Uncovering security issues in the latest 5G standards

Adam Greenhill from Security Compass.
(Image credit: Security Compass.)

As 5G becomes more ubiquitous across the globe, the security community is given more of a chance to review and understand the potential security concerns associated with implementing the standard. These security concerns fall into two categories: inherited flaws and out-of-specification issues.

Inherited flaws

Bloomberg reports that it will cost hundreds of billions of dollars to upgrade from 4G/LTE to 5G. This is a massive cost for any company or nation to bear, requiring many companies to slowly phase in the next generation of cellular technology over the next decade. Because these partial 5G networks rely heavily on pre-existing 4G/LTE technology, they will also absorb their vulnerabilities. 

Because of how fast technology moves forward, it can be difficult even for tech enthusiasts to keep up to date, let alone non-technical people. To ensure that everyone has sufficient time to upgrade, new standards are typically made to support older ones as well. However, in allowing support for older generations, downgrade attacks can potentially be performed.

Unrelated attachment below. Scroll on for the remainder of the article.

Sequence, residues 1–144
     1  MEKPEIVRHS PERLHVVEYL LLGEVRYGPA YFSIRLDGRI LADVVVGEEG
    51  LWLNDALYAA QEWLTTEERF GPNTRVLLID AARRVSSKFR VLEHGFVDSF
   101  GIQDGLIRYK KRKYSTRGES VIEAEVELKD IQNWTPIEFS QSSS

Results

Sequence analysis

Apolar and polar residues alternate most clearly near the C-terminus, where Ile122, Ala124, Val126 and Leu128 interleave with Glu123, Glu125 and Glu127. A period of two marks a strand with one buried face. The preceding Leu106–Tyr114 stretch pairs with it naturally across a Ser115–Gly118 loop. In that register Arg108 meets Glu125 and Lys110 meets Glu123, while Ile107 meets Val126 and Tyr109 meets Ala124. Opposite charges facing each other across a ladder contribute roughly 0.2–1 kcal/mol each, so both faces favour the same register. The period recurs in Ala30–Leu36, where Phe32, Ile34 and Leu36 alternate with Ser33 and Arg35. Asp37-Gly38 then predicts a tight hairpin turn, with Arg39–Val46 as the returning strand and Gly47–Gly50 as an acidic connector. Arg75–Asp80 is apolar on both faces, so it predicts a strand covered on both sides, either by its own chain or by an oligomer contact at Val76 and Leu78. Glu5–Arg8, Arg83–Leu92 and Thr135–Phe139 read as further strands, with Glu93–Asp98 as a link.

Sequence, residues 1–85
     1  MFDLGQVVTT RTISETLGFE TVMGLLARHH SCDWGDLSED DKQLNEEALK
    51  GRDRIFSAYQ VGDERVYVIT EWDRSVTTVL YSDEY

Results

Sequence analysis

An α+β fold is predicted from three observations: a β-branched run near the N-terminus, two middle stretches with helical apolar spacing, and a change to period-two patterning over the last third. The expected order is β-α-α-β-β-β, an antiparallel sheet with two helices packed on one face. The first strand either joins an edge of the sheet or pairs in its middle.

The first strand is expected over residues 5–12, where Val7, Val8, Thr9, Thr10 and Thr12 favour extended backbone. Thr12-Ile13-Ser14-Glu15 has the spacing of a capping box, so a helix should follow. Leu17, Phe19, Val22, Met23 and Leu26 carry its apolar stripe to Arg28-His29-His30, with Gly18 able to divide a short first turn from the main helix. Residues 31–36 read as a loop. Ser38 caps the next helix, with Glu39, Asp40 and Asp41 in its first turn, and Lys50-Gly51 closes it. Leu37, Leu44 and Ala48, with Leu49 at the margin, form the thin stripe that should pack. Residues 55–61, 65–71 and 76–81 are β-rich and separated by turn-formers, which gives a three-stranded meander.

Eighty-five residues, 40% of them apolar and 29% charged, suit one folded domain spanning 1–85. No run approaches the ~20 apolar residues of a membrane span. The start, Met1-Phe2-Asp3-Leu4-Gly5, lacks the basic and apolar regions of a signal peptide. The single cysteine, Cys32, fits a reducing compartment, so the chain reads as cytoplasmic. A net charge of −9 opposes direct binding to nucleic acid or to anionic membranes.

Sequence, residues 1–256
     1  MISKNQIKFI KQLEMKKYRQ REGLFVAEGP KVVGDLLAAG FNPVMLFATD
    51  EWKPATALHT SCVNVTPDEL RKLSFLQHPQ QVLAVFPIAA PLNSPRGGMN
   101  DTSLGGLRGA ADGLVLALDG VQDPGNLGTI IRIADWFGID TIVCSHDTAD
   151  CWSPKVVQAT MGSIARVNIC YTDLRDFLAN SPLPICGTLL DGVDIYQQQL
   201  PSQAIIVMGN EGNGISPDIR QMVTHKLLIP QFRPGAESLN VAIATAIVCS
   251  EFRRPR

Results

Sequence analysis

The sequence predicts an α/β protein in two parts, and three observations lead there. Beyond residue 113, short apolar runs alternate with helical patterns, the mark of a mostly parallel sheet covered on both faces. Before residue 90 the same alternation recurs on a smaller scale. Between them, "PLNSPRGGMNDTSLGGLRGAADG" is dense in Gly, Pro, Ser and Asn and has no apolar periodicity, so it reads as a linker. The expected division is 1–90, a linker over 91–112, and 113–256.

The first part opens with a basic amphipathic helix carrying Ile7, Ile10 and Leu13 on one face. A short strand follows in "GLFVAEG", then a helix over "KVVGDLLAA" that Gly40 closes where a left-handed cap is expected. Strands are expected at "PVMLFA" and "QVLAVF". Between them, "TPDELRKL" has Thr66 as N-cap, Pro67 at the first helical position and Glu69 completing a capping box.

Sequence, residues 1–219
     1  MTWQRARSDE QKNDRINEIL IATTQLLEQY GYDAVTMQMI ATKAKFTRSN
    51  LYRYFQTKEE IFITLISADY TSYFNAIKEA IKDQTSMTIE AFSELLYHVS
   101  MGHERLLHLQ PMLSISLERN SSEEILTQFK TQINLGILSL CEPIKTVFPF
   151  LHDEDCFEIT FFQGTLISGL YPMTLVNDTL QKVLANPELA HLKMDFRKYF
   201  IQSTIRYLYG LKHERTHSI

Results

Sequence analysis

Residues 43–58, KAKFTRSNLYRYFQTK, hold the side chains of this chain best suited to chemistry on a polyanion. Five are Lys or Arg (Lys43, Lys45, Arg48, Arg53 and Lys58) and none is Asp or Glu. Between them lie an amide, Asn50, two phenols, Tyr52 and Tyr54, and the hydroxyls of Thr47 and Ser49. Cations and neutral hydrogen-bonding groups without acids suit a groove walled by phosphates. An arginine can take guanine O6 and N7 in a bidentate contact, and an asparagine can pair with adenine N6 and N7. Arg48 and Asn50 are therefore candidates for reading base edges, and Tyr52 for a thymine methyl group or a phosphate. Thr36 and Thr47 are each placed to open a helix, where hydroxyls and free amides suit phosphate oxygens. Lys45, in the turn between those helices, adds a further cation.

Downgrade attacks trick users into leveraging the insecure and out-of-date versions of a protocol. These types of attacks can be found everywhere. For instance, the Transport Layer Security (TLS) protocol that a browser leverages to securely surf the internet. Even the latest TLS version published in 2018 has been found to be vulnerable to downgrade attacks. But, there’s an easy fix. A web browser can be configured to limit access to websites that leverage the latest, most secure protocols, disabling anything deemed insecure. With those protocols disabled, if someone attempts a downgrade attack against, the browser will simply refuse.